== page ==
Chain Reaction

Kevin Buist on the NFT boom

Beeple, EVERYDAYS: THE FIRST 5000 DAYS, 2007–21, five thousand digital drawings, dimensions variable.

ON MARCH 11, Christie’s will make history as the first traditional auction house to complete a sale of a purely digital artwork, authenticated on a blockchain, payable in cryptocurrency. The single lot sale consists only of EVERYDAYS: THE FIRST 5000 DAYS by the artist known as Beeple, real name Mike Winkelmann. The image file, a whopping 21,069 x 21,069 pixels, is really five thousand individual images tiled into a dense mosaic, the result of a feat of creative endurance in which Beeple created a new digital drawing each day over thirteen years, originally sharing them to his Instagram, which is currently followed by nearly two million people. Beeple’s Christie’s auction has no estimate, and the bidding began on February 25 at $100, a low number considering that the artist sold a piece on a crypto art marketplace in February for $6.6 million—a record that will be shattered on Thursday: As of this writing, the current bid is already at $9.75 million.

Beeple’s sudden commercial success is part of an explosion of interest and ballooning prices in the crypto art market. The bulk of sales in this volatile and speculative form of collecting are happening on websites purpose-built for the new trade that connect buyers’ cryptocurrency wallets to slick artist discovery interfaces. Sites like SuperRare, Zora, and Foundation facilitate sales and offer specialized contracts that guarantee artists a cut of resale transactions. The sites are well designed, and it’s fun to poke around and see the trippy animations and moody dreamscapes, which leads to an obvious question: If we can all see these images—and even download and make copies of them—what exactly are these marketplaces selling? They’re not selling artworks; they’re selling digital certificates of ownership. They’re selling the thing that the frictionless reproducibility of internet media seems designed to eliminate: scarcity.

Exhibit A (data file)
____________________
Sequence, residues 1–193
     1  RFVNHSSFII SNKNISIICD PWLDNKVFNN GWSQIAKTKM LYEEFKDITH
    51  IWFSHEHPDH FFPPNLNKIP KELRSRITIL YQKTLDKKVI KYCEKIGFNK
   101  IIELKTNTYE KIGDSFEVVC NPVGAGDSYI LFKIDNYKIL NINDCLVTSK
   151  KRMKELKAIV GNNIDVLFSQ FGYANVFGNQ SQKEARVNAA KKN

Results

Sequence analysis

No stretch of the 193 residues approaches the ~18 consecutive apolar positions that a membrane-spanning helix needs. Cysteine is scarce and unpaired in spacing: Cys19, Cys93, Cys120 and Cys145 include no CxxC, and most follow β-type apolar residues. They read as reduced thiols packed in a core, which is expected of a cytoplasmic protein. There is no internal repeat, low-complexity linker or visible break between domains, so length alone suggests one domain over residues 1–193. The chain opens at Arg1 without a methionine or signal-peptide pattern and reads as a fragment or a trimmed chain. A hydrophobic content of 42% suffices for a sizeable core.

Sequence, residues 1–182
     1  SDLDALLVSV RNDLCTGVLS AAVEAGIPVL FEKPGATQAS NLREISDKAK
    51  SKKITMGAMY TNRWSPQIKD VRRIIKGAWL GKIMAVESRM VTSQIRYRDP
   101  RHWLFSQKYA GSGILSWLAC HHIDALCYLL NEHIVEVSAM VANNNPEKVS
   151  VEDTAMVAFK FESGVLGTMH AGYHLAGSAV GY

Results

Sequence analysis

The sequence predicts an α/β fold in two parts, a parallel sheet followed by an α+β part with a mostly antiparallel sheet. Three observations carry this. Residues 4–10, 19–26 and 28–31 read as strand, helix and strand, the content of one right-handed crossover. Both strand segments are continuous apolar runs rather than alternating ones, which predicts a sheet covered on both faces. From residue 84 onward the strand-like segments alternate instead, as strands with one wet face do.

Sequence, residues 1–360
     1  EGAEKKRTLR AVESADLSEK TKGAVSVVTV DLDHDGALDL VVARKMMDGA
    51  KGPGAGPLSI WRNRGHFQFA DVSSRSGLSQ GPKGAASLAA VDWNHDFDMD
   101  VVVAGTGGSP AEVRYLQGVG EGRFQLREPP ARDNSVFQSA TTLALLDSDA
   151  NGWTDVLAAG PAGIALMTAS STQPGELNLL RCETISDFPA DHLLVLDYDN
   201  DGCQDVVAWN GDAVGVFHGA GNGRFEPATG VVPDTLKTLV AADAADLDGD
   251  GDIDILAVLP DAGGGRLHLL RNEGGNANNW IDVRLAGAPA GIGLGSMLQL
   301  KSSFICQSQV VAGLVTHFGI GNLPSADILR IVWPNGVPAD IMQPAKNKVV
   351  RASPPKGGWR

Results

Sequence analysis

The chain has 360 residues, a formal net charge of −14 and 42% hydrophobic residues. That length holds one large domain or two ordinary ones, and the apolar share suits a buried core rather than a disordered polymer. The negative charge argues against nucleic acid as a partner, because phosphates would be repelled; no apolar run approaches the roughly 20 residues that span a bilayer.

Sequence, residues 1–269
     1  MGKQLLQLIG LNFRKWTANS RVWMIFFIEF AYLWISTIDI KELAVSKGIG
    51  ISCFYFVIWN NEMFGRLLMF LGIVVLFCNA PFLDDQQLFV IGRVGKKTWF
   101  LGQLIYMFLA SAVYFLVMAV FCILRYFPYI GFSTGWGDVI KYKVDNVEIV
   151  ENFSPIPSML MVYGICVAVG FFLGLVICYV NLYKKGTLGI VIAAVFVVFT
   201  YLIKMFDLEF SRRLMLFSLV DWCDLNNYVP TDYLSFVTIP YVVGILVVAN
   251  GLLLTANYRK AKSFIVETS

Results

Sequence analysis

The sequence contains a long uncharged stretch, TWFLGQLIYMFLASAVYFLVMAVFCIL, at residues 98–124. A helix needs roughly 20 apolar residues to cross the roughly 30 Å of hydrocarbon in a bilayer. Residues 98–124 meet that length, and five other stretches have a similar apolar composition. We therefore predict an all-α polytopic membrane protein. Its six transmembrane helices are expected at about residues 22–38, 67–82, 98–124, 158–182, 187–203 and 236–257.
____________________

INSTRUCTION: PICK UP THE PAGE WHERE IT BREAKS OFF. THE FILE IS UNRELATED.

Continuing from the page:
Crypto art can be anything, but it usually takes the form of a digital image or video file. The crypto art market is built on nonfungible tokens (NFTs), which are certificates of authenticity written into a blockchain that point to a digital object and specify its ownership. While there is a crypto art aesthetic emerging—think kaleidoscopic GIFs, glitchy abstraction, crisp renders of pastel-tinted fantasy scenes—none of this has any material connection to the technology that enables the minting and exchange of NFTs. The NFT is not a medium, but merely a speculative financial instrument that can be pointed at a digital artwork just as easily as it could be pointed at anything else. The largest NFT marketplace, for example, is Top Shot, a website where the NBA sells collectible “moments” such as a short video clip of an epic Lebron dunk. The sudden ascent of the NFT market is redirecting the discourse surrounding digital art in an unusual way because it’s not a new method for making or even distributing images. It is concerned only with symbolic ownership and resale. The NFT is a financial innovation masquerading as an art innovation.